would govern behaviour

        and when to discover
        the knowledge of the dead

        hidden in clouds,
        in rivers, in unbroken rock.

        All this we burned or traded for power and wealth
        from the eight compass points of vengeance

        from the two levels of envy

      • Amazingly good, and with mostly pretty simple (but evocative and allusive) diction. Thanks for typing or pasting that, Ali (though I didn’t need convincing!) 🙂

  1. I love Dean Koontz’s Watchers but, a word of warning, don’t watch the film of the book as it does something so astoundingly horrid to the story that I can hardly bare to mention it.

    And my 3 …
    The Stand — Stephen King
    Music and Silence — Rose Tremain
    Far From the Madding Crowd — Thomas Hardy

  2. “Going Postal!” by Terry Pratchett. A con man is giving a second chance (the alternative being death) to run the failing post office. While I might not be a con man, I have done a lot of different things in my life. And any book I chose would have to have a sense of humor about the lead character.

    • Sounds really cool; thank you for sharing that, Syd. Coincidentally, we were watching “The Colour of Magic” just this weekend (funny!). I REALLY need to read some Pratchett. Oh, and I love your Bradbury post!

      • I stumbled upon Pratchett while on a business trip looking for something to read on the plane. It was the “Weird Sisters” and I laughed the entire five hours. I have never been disappointed in one of his books. The satire has me in stitches. BTW “Going Postal” is also available as a movie.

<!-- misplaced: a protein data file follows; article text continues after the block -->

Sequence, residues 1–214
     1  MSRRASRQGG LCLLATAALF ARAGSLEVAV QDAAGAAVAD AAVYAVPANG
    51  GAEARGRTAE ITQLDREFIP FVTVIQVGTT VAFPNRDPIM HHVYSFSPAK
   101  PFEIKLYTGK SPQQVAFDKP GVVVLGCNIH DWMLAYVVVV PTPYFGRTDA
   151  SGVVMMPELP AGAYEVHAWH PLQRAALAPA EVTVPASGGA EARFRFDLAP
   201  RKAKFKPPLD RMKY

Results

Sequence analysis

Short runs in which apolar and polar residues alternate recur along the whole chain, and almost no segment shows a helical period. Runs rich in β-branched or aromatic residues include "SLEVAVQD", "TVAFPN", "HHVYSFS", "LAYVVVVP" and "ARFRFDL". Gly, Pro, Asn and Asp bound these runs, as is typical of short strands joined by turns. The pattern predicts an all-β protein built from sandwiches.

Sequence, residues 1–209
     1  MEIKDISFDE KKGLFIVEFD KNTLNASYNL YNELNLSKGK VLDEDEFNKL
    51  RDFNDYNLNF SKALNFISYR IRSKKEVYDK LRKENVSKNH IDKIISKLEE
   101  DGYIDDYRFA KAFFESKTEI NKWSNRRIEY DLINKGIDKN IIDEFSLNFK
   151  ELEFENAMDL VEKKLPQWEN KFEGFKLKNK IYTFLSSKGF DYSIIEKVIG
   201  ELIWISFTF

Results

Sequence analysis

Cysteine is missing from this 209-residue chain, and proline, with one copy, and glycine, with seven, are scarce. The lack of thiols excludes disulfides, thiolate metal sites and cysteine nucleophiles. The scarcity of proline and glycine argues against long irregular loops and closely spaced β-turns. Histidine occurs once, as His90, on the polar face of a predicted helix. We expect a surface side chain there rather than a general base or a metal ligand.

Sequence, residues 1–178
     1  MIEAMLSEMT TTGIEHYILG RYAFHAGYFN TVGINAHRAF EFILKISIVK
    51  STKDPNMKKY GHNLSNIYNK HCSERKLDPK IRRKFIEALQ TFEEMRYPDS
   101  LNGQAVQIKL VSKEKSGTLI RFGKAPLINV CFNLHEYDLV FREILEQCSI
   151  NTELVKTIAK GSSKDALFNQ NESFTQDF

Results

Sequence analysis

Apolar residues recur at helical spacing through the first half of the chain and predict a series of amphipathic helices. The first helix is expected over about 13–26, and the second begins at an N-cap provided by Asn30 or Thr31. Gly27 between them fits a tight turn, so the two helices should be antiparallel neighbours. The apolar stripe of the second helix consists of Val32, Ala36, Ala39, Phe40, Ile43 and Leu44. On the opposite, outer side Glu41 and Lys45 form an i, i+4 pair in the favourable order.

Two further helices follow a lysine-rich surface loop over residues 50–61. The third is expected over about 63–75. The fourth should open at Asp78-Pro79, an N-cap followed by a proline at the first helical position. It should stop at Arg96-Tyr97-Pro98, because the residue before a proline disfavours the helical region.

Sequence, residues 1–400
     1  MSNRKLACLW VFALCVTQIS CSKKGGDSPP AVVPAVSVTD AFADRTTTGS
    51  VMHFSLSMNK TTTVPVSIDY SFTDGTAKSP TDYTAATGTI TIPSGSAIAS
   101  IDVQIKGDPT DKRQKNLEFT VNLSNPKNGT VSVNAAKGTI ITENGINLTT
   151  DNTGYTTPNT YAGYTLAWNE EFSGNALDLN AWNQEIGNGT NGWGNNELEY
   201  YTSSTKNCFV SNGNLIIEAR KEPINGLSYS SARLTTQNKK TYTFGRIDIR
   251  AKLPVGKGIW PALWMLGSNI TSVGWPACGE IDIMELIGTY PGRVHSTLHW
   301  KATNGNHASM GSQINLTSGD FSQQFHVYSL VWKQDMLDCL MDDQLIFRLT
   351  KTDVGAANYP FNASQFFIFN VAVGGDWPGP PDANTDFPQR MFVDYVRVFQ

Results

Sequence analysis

3. Off the top of my head:
    Camus, Les Justes (play not book)
    Tales of King Arthur – can’t remember the edition
    Mary Renault – The Last of the Wine

    Mmmm, interesting exercise. These are all about emotion and justice, the complexities of right and wrong, the individual versus the common interest, head versus heart. Thanks for that.

  4. Just three? Hmm. Gustaf Sobin’s The Earth as Air, which opened my eyes to possibilities; Toby Olson’s The Woman Who Escaped from Shame, which is one of the strangest and most wonderful novels I’ve ever read – how is it possible to combine themes of possibly magical miniature horses, incest, friendship and pornography in two separate yet connected narratives? Olson does it with beautiful prose. And number three? How about Annie Dillard’s The Writing Life, which seems truer each time I open it.

    • I know, only three. What a difficult task. Of the three you mention, I only know of Dillard’s book, but, sadly, I’ve not read it. Do you like Bird by Bird? (I’ve got it, but haven’t read it either; I know I should.) I’ve read Old Friend from Far Away (Goldberg), but not her Writing down the Bones, which so many people (and a poet who was my professor once upon a time) cite. Oy, so many gaps in my reading! I will have to pick up Sobin and Olson. I don’t think our home library has either. Thanks for the remarks, Robert!

      • Yes, I like Bird by Bird, but find Dillard’s book somehow more in tune with my writerly struggles. I’ve not read Old Friend from Far Away, but read Writing Down the Bones many years ago. It would probably resonate more today than it did back then. Sobin was a poet/novelist, as is Olson, but neither is as well known as (I think) they should be.